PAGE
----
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Weather as a Headache and Migraine Trigger

How to Cope With Headache and Migraine Triggers

Keeping a headache or migraine diary is the first step toward keeping pain from disrupting your life.

Some people have clear signs that a migraine headache is coming. And they may get these warnings as early as 48 hours before the headache strikes. These early warning signs are called "prodromal," meaning precursory. Possible signs include:

  • Irritability
  • Depression
  • Frequent yawning
  • Feeling especially excitable

If headaches plague you, keep a daily headache diary. That way you can look back a day or two before a headache starts for signs of what may have triggered your headache. Record any irritability or other prodromal signs. Also, if you think weather is a factor, record any of the common weather and environmental triggers listed above. Keep a detailed diary for three months to allow the variable patterns of your headaches to show up.

In your headache diary, write the following:

  • Your headache symptoms: where you feel the pain, what the pain feels like, and any other symptoms, such as vomiting or sensitivity to noise, smells, or bright light
  • The time your headache started and ended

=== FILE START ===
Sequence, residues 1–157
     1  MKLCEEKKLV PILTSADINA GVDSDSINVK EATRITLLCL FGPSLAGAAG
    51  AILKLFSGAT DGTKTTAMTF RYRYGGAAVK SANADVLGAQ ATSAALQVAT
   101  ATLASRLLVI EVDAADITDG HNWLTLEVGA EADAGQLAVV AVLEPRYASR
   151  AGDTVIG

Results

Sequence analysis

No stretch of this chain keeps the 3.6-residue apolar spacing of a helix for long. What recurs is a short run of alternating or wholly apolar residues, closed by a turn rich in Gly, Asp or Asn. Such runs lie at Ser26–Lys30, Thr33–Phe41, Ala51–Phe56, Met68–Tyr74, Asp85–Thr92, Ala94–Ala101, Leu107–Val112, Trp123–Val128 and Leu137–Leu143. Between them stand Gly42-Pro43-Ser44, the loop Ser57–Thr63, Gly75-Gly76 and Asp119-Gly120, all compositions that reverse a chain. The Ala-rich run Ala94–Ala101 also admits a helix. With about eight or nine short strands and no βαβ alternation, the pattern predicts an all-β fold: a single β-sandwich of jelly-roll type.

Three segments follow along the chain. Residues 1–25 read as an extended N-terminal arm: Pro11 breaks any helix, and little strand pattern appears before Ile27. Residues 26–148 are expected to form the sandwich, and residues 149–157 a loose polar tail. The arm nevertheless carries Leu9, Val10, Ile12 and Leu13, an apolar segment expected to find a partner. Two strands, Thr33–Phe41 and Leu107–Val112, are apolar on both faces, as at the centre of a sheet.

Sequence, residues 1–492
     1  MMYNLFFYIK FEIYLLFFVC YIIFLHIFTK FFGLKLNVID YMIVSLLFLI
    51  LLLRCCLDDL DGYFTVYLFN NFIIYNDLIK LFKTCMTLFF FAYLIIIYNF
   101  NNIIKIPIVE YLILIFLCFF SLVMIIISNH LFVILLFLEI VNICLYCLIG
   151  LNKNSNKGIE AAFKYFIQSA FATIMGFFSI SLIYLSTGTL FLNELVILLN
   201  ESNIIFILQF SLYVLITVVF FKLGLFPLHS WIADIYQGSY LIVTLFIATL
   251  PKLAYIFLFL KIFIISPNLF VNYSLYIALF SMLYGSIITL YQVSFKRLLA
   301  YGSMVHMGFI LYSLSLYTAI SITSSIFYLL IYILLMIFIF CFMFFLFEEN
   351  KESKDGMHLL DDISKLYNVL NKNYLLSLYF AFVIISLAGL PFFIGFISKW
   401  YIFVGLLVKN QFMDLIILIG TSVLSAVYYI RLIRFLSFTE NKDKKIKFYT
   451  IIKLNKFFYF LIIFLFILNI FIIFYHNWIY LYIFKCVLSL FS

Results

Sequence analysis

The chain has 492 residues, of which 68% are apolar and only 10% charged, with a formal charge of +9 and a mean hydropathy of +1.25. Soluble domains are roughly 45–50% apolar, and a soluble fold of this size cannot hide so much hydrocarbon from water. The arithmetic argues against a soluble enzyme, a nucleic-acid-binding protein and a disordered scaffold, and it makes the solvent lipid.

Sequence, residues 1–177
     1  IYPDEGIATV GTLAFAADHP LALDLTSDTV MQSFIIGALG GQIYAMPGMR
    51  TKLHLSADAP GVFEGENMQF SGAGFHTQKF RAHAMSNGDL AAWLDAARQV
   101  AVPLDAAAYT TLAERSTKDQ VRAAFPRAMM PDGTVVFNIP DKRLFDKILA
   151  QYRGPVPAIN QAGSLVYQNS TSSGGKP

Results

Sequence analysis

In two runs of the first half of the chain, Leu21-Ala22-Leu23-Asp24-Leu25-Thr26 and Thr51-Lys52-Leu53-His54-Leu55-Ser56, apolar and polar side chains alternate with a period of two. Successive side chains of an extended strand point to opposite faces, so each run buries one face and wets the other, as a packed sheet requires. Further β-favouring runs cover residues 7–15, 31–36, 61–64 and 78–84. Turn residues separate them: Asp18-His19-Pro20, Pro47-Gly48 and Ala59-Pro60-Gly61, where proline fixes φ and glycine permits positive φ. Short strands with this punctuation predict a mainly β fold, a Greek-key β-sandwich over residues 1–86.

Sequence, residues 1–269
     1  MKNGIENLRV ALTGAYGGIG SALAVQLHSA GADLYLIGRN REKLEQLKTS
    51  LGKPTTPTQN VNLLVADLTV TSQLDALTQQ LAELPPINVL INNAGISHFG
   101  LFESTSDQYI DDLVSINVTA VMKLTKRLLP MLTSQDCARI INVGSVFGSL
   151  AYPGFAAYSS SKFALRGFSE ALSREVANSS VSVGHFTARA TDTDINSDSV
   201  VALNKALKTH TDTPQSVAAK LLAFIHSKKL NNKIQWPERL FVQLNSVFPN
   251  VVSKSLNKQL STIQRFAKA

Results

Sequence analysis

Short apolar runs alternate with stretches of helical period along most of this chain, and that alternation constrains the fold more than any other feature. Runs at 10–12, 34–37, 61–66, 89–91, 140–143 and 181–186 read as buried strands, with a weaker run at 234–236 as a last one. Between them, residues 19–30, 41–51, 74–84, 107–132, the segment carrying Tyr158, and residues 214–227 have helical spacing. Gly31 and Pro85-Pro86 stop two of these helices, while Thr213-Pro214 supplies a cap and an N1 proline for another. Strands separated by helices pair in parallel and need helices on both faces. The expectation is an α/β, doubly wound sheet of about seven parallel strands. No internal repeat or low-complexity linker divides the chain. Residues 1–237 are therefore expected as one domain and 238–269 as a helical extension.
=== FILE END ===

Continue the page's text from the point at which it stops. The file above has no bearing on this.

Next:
• Any food and beverages you had (common triggers include chocolate, caffeine, and foods with the preservatives MSG and nitrates)
  • Any changes in the weather, such as storms, high winds, or high humidity
  • Any treatment you tried, and whether it helped or made the headache worse

Some experts believe that people link their headaches to weather more than is actually true. That opinion is based on a 2004 study that analyzed patients' perceived headache patterns with actual National Weather Service data.

But those same experts would agree that headache is still somewhat of a mystery. They also point out that headaches are as individual as they are unpredictable. The only way to know for sure if weather is a factor for you is to find out for yourself. And the only way to do that is with a detailed headache diary. You can't change the weather. But you may be better able to plan around it and keep your headaches at bay.

WebMD Medical Reference

Reviewed by Neil Lava, MD on February 14, 2015
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